Early October

Definitely heading into autumn this week, with oodles of rain most days. Currently recovering from an unexpectedly strenuous cycle ride with Mr Peter H, out to St Aidan’s Nature Reserve and Fairburn Ings, back via Castleford – we were promised sunshine but mostly drizzle ensued.

The autumn season at Wakefield Jazz got off to a good start with Empirical (sax/vibes/bass/drums) – very much inspired by Eric Dolphy’s Out To Lunch album of 1964. One of my favourite albums – I always expect vibes players to sound more like Bobby Hutcherson than Milt Jackson, with an angular percussive crunchy sound, using the pedal for real sharp cut-offs. I saw a gig with Peter Brötzmann on sax and Jason Adasiewicz on vibes a few years ago in a Hong Kong gallery – now that was a remarkably intense gig (not necessarily for the Wakefield audience), with Mr Adasiewicz stepping backwards and forwards from his instrument with great intention. Anyway, Empirical played a fine version of Gazzelloni from the Dolphy album, and I particularly enjoyed the consistent intensity of Nathaniel Facey’s solos on alto sax.

This week we have French horn-player Jim Rattigan’s 12-piece Pavillon, with a panoply of star names. Gil Evans-style is what I’m saying, but the proof will be in the listening.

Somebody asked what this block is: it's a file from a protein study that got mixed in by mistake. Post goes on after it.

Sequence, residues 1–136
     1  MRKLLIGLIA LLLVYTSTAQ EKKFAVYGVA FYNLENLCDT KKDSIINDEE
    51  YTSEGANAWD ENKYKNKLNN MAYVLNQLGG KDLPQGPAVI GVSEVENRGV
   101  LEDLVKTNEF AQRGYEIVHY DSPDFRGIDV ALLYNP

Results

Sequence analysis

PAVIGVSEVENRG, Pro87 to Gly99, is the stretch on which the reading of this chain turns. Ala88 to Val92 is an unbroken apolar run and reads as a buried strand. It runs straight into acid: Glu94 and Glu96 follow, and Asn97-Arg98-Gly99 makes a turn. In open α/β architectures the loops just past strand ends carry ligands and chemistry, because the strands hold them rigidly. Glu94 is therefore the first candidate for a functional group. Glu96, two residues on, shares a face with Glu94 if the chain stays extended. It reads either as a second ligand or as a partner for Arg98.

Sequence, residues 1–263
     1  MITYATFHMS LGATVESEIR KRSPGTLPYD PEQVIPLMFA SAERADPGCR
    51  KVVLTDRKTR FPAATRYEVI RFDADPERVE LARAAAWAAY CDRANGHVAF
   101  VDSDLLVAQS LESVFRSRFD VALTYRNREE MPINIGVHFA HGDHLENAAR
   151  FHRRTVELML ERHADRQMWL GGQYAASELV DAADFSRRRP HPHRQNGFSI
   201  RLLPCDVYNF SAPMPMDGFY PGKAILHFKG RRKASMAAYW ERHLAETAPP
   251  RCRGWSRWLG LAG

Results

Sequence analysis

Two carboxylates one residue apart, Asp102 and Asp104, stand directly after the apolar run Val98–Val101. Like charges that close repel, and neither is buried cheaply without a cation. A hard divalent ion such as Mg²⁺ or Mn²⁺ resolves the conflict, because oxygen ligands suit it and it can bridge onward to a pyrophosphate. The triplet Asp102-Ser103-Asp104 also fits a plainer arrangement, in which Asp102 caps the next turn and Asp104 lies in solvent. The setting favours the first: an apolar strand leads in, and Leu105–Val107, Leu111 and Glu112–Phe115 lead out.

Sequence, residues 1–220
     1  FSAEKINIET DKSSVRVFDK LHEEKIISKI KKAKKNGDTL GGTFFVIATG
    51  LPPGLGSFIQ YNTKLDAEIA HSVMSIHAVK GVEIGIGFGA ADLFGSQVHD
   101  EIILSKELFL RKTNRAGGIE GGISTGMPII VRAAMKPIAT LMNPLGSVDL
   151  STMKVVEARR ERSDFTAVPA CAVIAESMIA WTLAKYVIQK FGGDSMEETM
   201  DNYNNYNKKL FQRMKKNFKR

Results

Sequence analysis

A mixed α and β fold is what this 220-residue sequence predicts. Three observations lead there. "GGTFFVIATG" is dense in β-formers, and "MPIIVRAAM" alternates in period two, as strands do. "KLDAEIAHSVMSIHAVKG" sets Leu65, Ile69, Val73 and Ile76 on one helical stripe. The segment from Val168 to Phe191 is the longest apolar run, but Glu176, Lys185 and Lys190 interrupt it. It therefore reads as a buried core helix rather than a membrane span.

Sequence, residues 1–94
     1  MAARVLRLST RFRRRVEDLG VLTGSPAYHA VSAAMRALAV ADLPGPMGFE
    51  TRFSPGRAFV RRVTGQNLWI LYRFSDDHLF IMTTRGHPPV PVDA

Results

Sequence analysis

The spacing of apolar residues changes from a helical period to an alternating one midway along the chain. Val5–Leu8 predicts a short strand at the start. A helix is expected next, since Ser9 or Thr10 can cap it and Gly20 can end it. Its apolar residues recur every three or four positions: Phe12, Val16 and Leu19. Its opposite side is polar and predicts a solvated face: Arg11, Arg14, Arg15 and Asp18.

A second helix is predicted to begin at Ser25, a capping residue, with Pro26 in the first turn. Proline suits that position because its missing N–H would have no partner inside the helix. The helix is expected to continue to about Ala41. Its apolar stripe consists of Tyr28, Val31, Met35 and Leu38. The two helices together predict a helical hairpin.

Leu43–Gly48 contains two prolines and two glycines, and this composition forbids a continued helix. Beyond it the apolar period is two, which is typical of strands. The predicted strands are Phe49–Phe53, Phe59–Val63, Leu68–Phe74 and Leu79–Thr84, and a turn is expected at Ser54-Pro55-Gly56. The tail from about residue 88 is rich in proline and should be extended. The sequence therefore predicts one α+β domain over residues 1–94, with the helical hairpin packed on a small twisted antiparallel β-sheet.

I’m enjoying reading Nate Chinen’s recent book Playing Changes, an extended selection of reviews and writings about jazz in the last 25 years, mostly USA-focussed, but with a proper consideration of the context of jazz post-1970s, the institutionalisation of jazz education and the successful funding of Wynton Marsalis’ very conservative approach. So far I’ve read about Wayne Shorter, Jason Moran, Steve Coleman, Vijay Iyer, John Zorn, Brad Mehldau among others – it’s good to have some kind of context for the music that I’ve been listening to for the past decades, without always seeing a wider picture, even though of course mainstream criticism often reads as unacknowledged promotion. Any of those musicians would be very welcome to come to Wakefield and enjoy pie and peas and a Friday night raffle.

And as well as continuing to look at Miles Okazaki’s method (this week, his Triad Mandala), I’ve also now acquired some Matt Mitchell piano scores to peruse. Is it all about complexity for its own sake? Discuss.